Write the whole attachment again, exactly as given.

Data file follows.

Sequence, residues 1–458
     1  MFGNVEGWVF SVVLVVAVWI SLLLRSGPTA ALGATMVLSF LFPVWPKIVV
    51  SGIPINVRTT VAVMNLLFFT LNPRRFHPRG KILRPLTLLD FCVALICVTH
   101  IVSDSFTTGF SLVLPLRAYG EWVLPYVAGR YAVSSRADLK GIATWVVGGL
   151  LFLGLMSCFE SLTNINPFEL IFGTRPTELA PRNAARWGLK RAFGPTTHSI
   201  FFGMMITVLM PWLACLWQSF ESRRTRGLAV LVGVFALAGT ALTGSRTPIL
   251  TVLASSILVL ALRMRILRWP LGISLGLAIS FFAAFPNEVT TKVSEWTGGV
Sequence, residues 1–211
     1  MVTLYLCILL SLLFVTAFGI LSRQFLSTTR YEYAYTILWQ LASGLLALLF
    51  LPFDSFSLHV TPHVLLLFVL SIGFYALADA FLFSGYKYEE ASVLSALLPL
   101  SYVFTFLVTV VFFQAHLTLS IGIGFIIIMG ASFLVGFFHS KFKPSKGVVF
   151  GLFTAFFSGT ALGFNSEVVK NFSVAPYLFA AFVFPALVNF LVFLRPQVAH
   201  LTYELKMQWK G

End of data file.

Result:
Sequence, residues 1–458
     1  MFGNVEGWVF SVVLVVAVWI SLLLRSGPTA ALGATMVLSF LFPVWPKIVV
    51  SGIPINVRTT VAVMNLLFFT LNPRRFHPRG KILRPLTLLD FCVALICVTH
   101  IVSDSFTTGF SLVLPLRAYG EWVLPYVAGR YAVSSRADLK GIATWVVGGL
   151  LFLGLMSCFE SLTNINPFEL IFGTRPTELA PRNAARWGLK RAFGPTTHSI
   201  FFGMMITVLM PWLACLWQSF ESRRTRGLAV LVGVFALAGT ALTGSRTPIL
   251  TVLASSILVL ALRMRILRWP LGISLGLAIS FFAAFPNEVT TKVSEWTGGV
Sequence, residues 1–211
     1  MVTLYLCILL SLLFVTAFGI LSRQFLSTTR YEYAYTILWQ LASGLLALLF
    51  LPFDSFSLHV TPHVLLLFVL SIGFYALADA FLFSGYKYEE ASVLSALLPL
   101  SYVFTFLVTV VFFQAHLTLS IGIGFIIIMG ASFLVGFFHS KFKPSKGVVF
   151  GLFTAFFSGT ALGFNSEVVK NFSVAPYLFA AFVFPALVNF LVFLRPQVAH
   201  LTYELKMQWK G